“Recognizing Perfectionism in Gifted Children”
By Debra Troxclair, Parenting for High Potential, Dec. 1999
As a classroom teacher for a decade or so, the initial awe and bewilderment of watching groups of
children become varied, unique, social-emotional beings evolved into a quest for concrete knowledge
of how people become themselves. Each year it became more apparent to me that many intelligent
children were not thinking effectively, creating imaginatively, or reaching toward goals enthusiastically. As I search, read, and questioned other teachers, parents and psychologists, I kept arriving at the same conclusion. Lack of student
enthusiasm for and problems with learning were often grounded in self-esteem. I discovered that one
component of self-esteem gone astray, perfectionism, seemed a strong candidate as the root of many
problems. (It should be noted that perfectionism is a pervasive problem. Just because someone is gifted
neither ensures that he or she will become perfectionistic, nor does it relieve him or her from the
possibility of being particularly vulnerable to this personality characteristic.)
Roots of Perfectionism
Most people know at least one person who has difficulty letting go of projects and tasks until they are “just right.” While most know perfectionism when they see it, few know its origins or how to handle perfectionism in themselves or others. In my review of the research, I uncovered several theories as to the origins of perfectionism that provided insight into its associated behaviors. Understanding perfectionism and its roots is the first step to combating the negative consequences associated with it.
Perfectionism as a Component of Self-Esteem
Perfectionism develops early and creates difficulties that can drastically inhibit the development of a gifted individual’s self-esteem. In her book, Growing Up Gifted, Barbara Clark points out that very early in our lives all of us pass through three stages of personality development, as classified by Erik Erikson, known as the stages of trust vs. mistrust, autonomy vs. doubt, and initiative vs. guilt. Depending on how children experience these stages, they may develop a sense of confidence and a healthy self-esteem, or they may learn to view themselves as inadequate and unable to accomplish goals.
In the trust versus mistrust stage of development, the roots of inner or outer locus or control are established while a child is still nursing and bundled in diapers. An inner locus of control develops if a child consistently experiences security at this stage. Children feel they have worth and importance, and they feel they are in control of their lives. A perfectionist with an inner locus of control is productive and uses the intensity of the characteristic to forge ahead without wasting time blaming the rest of the world when he or she makes errors. On the other hand, an outer locus of control forms if a child experiences inconsistent nurturing and insecurity. As a result, children feel they have no control over their world. Indeed, they feel as though the world is controlling them. A perfectionist with an outer locus of control is ineffective. Much energy is wasted wishing and hoping the rest of the world would change so that he or she would be able to fit into it better.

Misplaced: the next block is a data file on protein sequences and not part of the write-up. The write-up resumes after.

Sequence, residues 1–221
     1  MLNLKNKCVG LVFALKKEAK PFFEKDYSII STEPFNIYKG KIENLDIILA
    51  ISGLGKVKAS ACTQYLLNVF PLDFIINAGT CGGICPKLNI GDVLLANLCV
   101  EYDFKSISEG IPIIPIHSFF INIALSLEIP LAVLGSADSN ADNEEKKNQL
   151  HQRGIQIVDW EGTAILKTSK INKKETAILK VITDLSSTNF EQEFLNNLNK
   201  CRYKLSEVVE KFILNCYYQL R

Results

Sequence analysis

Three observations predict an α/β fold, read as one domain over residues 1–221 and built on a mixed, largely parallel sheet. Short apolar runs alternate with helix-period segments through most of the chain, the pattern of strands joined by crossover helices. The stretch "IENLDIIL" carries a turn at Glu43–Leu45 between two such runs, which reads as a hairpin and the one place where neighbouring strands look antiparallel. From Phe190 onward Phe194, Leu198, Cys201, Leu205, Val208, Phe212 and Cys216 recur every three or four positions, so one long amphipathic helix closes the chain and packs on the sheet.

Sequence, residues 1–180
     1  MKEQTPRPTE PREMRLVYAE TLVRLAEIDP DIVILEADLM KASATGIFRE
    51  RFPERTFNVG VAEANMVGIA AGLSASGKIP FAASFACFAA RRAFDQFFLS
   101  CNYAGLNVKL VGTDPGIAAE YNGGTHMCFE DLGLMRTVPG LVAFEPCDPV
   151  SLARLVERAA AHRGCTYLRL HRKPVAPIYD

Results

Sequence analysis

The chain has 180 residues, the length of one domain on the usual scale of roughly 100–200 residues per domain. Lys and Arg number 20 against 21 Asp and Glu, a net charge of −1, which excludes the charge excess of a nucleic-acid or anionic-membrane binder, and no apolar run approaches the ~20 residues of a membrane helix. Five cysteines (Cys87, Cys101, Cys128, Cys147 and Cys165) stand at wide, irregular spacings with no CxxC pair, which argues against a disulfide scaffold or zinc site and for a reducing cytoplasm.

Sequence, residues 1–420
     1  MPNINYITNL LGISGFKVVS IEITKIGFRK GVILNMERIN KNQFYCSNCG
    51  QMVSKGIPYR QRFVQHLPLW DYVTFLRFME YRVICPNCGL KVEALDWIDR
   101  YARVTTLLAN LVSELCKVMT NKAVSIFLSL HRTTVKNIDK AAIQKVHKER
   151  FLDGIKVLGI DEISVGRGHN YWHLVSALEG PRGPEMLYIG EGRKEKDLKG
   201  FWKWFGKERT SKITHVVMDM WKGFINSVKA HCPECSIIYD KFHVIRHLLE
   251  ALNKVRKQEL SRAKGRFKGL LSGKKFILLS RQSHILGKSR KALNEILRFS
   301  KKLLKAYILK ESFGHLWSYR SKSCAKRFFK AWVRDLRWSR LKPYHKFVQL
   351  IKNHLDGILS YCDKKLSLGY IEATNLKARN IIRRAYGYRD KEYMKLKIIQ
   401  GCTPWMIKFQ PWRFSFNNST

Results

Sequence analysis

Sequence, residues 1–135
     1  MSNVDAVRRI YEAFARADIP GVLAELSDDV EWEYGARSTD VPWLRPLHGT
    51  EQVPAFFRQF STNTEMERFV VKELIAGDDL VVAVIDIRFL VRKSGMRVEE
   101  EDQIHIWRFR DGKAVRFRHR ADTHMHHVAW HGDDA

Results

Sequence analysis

In the autonomy versus doubt developmental stage, shame, inadequacy, self-doubt, and low self-esteem may develop if a young child is limited, punished inappropriately, or criticized during this developmental stage. Two types of limitations are overprotection and overuse of the word “no.” In addition, punishment or criticism without positive verbalization to balance it is harmful to gifted children, yet quite common. (Parents should realize that when they go behind their children and redo their chores, it may come across as a way of telling them that their work was not good enough. Teasing relentlessly in an attempt to be playful an also be a form or criticism.) To compound the problem, many young gifted children inherently possess well-developed analytical and critical-thinking skills as a component of their high intelligence. The combination of this inherent trait with behavior modeled by adults who are critical reinforces perfectionism. As children emulate significant adults who are critical of them, they begin to analyze and criticize themselves, calling into question their abilities and talents while forcing them to pursue an ideal that will not be criticized.
As part of the initiative versus guilt developmental stage, children develop either a sense of confidence or a sense of inadequacy. If youngsters are allowed to explore their world via challenging situations and in positive ways, they learn how to deal with people, places, and things with confidence. On the other hand, if inappropriate learning occurs at this stage due to overprotection or criticism, or if significant adults belittle their self-initiated activities, a child may not grow to be a risk-taker. He or she may feel guilty when experiencing or even desiring self-initiated activities because he or she has not received positive reinforcement from adults. Lacking confidence in self-initiated activities, students focus only on what they know they can do “perfectly.” One of my former students refused to use cursive handwriting after months of instruction. His cursive handwriting was above average, but he continued to print in manuscript form and couldn’t take the risk that the new way he had learned to write would match the quality of his manuscript handwriting.